Noninvasive (eg, binasal prongs and masks) ventilation. Using versus not using a barrier has been shown superior in reducing PI around the nasal columellar, nasal root, and upper lip area. In my opinion, no superior product for this use is currently on the market. The most commonly used barrier is a hydrocolloid variation, which again is not recommended for neonates in a humidified isolette and at risk for skin tears; it should not be removed/replaced for the frequent skin observation currently recommended by governing bodies, and pressure offloading is limited. Foams are used often, but they do not adhere well and are not available precut (see Figure 3). Silicone gel pad use has been reported as well as polyvinyl chloride foam specifically manufactured to be placed on short binasal prongs. The National Pressure Ulcer Advisory Panel and the Children’s Hospitals Solutions for Patient Safety Network recommend prophylactic use of barrier devices and especially when mild injury has occurred.

Gastrostomy. When a gastrostomy tube is in place, it is extremely important to ensure clean, dry skin. Using a nonalcoholic skin polymer may help with maceration. A thin foam or hydrocolloid dressing may help alleviate friction between various outside components and the skin underneath. It is most imperative to immobilize any tubes and tubing padding.

Few topical products have been described in the literature as potential treatment options for areas of columellar injury or around tracheal stoma. European and Asian colleagues have described use of epidermal growth factor, hyaluronic acid, heparin, and peptide-based ointments, but none are available in the United States at this time. Topical antibiotic ointments, petrolatum, and medical-grade honey have been described in case reports, but none has earned a recommendation. Fear of small nostril occlusion precludes many clinicians from putting any product around a nasal wound; the same fear governs tracheostomy stoma area management due to the possibility of direct connection with airway mucosa. Anecdotally, practitioners describe the use of medical honey, nonsting cyanoacrylate liquid, or monomer silver-infused foam around broken skin.

Stage 2/3/4 and unstageable. These PIs represent an open wound. I recommend approaching these injuries as you would any other wound.

Cleaning. Room-temperature, normal saline or mild hypochlorous acid (Vashe Wound solution; Urgo Medical, Fort Worth, TX) can be used to gently irrigate the wound. Alcohol, iodine, or chlorhexidine should not be used in neonates (owing to the risk of systemic absorption, toxicity, and local skin dermatitis), nor are they usually necessary in older children. If used, these products should be removed immediately with saline.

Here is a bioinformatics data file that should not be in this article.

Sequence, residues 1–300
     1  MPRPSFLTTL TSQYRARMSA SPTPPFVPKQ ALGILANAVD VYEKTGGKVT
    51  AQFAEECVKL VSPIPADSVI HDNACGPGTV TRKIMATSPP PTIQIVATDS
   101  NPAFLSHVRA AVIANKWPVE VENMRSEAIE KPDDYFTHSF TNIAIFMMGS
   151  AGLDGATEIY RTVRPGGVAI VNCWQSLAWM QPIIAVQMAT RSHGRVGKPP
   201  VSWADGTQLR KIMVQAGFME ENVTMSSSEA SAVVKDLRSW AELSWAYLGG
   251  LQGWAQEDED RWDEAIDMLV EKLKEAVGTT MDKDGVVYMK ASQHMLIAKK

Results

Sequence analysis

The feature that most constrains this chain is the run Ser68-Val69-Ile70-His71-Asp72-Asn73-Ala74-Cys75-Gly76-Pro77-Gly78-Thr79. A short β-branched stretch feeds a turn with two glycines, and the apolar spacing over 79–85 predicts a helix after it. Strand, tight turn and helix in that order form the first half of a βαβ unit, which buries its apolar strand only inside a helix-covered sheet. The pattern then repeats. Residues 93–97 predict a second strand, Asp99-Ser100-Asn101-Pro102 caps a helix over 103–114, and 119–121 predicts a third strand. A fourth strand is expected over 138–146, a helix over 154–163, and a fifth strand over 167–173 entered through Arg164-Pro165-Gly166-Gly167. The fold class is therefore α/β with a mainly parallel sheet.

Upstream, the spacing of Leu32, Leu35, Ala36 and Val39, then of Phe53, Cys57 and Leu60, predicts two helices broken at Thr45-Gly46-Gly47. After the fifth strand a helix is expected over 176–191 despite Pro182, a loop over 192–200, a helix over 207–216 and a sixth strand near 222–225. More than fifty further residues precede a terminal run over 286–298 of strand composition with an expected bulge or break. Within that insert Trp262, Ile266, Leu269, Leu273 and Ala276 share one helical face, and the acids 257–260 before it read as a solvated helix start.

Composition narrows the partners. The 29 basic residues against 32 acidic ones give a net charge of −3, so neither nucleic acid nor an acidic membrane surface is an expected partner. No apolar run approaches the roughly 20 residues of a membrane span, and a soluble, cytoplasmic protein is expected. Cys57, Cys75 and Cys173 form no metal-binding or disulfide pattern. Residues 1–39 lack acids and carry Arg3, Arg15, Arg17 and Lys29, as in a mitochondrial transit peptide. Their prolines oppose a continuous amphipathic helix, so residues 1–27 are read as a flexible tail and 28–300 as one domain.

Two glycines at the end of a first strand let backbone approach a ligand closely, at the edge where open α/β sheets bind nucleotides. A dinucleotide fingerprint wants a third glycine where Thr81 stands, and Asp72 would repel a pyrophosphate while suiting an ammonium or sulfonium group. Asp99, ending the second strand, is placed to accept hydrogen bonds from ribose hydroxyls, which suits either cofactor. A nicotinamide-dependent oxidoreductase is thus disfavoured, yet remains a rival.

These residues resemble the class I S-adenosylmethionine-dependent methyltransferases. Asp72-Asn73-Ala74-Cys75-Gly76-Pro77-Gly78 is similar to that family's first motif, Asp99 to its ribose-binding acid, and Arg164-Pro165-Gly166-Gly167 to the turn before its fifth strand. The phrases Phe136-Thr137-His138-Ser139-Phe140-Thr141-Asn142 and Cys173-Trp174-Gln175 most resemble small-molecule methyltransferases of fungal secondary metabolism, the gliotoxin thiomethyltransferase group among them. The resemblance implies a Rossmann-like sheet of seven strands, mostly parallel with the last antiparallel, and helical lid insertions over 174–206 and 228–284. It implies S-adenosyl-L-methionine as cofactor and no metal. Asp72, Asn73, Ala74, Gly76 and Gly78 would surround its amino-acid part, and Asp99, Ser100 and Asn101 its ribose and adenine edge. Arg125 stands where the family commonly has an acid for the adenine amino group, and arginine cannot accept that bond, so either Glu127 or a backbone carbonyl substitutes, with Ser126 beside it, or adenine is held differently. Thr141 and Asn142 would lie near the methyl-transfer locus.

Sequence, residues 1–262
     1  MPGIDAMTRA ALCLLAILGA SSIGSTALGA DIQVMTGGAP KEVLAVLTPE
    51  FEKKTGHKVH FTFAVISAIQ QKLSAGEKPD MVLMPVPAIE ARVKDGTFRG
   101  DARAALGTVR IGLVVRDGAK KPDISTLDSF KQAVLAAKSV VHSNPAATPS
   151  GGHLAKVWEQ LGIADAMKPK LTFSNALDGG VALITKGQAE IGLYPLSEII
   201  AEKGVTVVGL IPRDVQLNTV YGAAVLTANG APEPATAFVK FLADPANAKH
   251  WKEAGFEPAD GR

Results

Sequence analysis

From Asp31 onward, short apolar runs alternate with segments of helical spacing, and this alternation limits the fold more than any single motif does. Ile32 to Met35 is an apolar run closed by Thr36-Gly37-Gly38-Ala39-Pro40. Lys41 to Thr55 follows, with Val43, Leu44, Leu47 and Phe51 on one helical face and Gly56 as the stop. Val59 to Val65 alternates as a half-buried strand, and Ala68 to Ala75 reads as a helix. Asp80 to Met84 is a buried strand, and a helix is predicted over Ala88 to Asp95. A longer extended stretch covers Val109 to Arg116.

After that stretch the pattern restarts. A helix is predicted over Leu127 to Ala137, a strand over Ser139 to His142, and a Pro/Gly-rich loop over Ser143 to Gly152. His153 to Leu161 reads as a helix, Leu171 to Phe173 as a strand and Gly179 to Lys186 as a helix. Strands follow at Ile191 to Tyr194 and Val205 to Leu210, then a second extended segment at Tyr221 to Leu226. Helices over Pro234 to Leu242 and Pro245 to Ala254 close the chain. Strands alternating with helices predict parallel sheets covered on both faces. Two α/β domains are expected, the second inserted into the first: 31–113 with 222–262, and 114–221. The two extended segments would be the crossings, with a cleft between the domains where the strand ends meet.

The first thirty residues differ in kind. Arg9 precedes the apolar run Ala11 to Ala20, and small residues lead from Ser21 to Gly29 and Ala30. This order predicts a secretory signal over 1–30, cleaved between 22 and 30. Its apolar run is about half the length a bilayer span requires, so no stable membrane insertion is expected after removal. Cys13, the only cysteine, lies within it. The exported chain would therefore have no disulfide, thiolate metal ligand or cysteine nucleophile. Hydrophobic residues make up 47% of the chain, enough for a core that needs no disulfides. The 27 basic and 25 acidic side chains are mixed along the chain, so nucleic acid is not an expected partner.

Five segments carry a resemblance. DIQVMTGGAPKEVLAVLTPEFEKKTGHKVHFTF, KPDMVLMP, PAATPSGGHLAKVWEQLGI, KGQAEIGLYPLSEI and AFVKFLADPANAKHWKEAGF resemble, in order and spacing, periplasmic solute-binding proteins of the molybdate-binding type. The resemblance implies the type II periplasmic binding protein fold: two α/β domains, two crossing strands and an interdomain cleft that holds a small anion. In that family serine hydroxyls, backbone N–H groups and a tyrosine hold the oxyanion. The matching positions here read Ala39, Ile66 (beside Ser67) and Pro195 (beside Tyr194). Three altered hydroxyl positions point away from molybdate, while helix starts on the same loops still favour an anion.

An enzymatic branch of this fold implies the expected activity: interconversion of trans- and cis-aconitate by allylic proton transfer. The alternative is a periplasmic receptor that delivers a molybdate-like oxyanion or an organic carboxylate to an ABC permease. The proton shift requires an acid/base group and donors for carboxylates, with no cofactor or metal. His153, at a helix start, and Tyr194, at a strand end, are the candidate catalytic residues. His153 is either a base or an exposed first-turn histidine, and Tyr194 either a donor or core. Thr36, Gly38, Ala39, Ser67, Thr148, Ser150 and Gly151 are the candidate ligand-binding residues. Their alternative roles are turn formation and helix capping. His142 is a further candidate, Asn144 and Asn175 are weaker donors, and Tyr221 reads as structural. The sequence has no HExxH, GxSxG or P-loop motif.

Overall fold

Debridement. Although it is the gold standard, sharp debridement should be the last choice in the pediatric population. PIs in children do not tend to have voluminous exudate or abundant slough. Autolytic debridement choices usually include using a hydrogel, a surfactant-based product, or a medical- grade honey gel. Personally, I tend to use honey, appreciating its hygroscopic, antimicrobial, and fibroblast growth-promoting properties. Medical-grade honey is available in variety of formulations (gel, paste, hydrocolloid, and alginate dressing or rope); I prefer the gel due to the ease of application and manageable viscosity (see Figure 4). My second choice is a surfactant micelle matrix gel. When slough/eschar are thick or extensive, I prefer enzymatic debridement with collagenase. I have used collagenase with great success and no side effects in very young babies (600 g) and in totally immunocompromised patients undergoing chemotherapy. Collagenase has no effects on healthy tissue; in my personal experience, extended application has promoted granulation (probably by keeping the wound base moist and protected). Mechanical debridement with a microfiber monofilament pad or lolly is an excellent tool, especially for smaller wounds. I do not encourage wet-to-dry gauze dressings for many reasons. Although inexpensive, they are nursing    labor-intensive, can be painful to remove, lead to nonselective tissue removal, and may spread bacteria.